Staff Publications

Staff Publications

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    'Staff publications' is the digital repository of Wageningen University & Research

    'Staff publications' contains references to publications authored by Wageningen University staff from 1976 onward.

    Publications authored by the staff of the Research Institutes are available from 1995 onwards.

    Full text documents are added when available. The database is updated daily and currently holds about 240,000 items, of which 72,000 in open access.

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Record number 498864
Title Tyr217 and His213 are important for substrate binding and hydroxylation of 3-hydroxybenzoate 6-hydroxylase from Rhodococcus jostii RHA1
Author(s) Sucharitakul, Jeerus; Medhanavyn, Dheeradhach; Pakotiprapha, Danaya; Berkel, Willem J.H. Van; Chaiyen, Pimchai
Source FEBS Journal 283 (2016)5. - ISSN 1742-464X - p. 860 - 881.
DOI http://dx.doi.org/10.1111/febs.13636
Department(s) Biochemistry
VLAG
Publication type Refereed Article in a scientific journal
Publication year 2016
Keyword(s) 3-hydroxybenzoate 6-hydroxylase - FAD - hydroxylation - monooxygenase - pre-steady-state kinetics
Abstract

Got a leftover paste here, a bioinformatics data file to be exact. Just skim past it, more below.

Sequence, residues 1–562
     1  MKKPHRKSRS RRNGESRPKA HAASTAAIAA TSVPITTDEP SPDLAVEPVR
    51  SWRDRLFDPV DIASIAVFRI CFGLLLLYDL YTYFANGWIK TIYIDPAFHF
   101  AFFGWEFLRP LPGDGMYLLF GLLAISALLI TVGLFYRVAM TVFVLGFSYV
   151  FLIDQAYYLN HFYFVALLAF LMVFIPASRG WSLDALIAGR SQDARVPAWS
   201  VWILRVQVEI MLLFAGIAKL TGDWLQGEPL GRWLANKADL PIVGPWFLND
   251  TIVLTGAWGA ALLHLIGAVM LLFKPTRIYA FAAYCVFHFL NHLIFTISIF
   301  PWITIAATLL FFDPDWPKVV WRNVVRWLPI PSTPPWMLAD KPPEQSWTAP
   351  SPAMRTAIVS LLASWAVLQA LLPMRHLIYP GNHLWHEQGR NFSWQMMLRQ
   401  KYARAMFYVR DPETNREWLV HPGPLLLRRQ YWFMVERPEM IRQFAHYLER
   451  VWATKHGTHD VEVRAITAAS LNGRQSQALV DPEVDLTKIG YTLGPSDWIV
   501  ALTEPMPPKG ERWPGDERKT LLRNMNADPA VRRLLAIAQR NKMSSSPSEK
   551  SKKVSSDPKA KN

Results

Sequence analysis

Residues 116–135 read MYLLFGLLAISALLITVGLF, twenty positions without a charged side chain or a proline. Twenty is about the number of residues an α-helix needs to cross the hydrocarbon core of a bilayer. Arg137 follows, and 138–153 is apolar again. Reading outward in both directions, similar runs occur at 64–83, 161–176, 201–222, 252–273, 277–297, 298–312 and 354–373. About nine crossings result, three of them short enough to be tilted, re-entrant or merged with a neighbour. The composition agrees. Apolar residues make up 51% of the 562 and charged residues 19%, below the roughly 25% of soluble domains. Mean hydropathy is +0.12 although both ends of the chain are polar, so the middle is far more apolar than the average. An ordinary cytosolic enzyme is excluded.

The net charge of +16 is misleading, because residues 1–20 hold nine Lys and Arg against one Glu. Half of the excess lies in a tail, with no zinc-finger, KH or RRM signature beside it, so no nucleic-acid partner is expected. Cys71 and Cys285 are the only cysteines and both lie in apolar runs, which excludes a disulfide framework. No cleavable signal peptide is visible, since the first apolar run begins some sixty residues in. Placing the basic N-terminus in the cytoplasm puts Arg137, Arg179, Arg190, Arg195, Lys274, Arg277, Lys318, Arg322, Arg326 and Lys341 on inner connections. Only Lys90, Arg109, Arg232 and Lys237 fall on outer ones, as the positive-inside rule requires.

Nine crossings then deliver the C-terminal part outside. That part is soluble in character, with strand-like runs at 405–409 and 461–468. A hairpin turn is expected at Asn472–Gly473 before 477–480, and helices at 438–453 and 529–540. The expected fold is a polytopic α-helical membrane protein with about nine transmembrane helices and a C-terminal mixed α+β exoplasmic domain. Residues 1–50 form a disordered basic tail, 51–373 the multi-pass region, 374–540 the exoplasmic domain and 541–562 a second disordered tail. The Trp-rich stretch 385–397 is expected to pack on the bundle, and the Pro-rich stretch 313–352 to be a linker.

3-Hydroxybenzoate 6-hydroxylase (3HB6H) from Rhodococcus jostii RHA1 is an NADH-specific flavoprotein monooxygenase that contains FAD as a redox-active cofactor. The enzyme catalyzes para-hydroxylation of 3-hydroxybenzoate (3HB) to form 2,5-dihydroxybenzoate (2,5-DHB). Based on the enzyme crystal structure, residue His213 is located close to the hydroxyl moiety, whereas Tyr217 is close to the carboxylate group of 3HB. Y217A and Y217S did not show any perturbation of flavin absorption upon addition of 3HB, whereas Y217F has a Kd value for 3HB binding of 7.5 mm, which is ~ 50-fold larger than that found for wild-type enzyme. The results clearly indicate that Tyr217 is necessary for substrate binding. All His213 variants can bind to 3HB with similar affinity as the wild-type enzyme and form C4a-hydroperoxy intermediate. H213S, H213D and H213E produce 2,5-DHB with yields of 28 ± 5%, 52 ± 7% and 92 ± 6%, respectively, whereas H213A cannot catalyze hydroxylation. The results indicate that the interaction between the hydroxyl group of 3HB and residue 213 is important for substrate hydroxylation. Interestingly, the hydroxylation rate constant of H213E (35 s-1) is similar to that of wild-type enzyme (36 s-1) and this variant has an efficiency of hydroxylation (92 ± 6%) similar to the wild-type enzyme (86 ± 2%). Difference spectra of enzyme-bound substrate suggest that 3HB binds to H213E in the phenolic form. The results indicate that His213 and Glu213 in H213E may act as a catalytic base to initiate the substrate deprotonation and facilitate the electrophilic aromatic substitution of 3HB.

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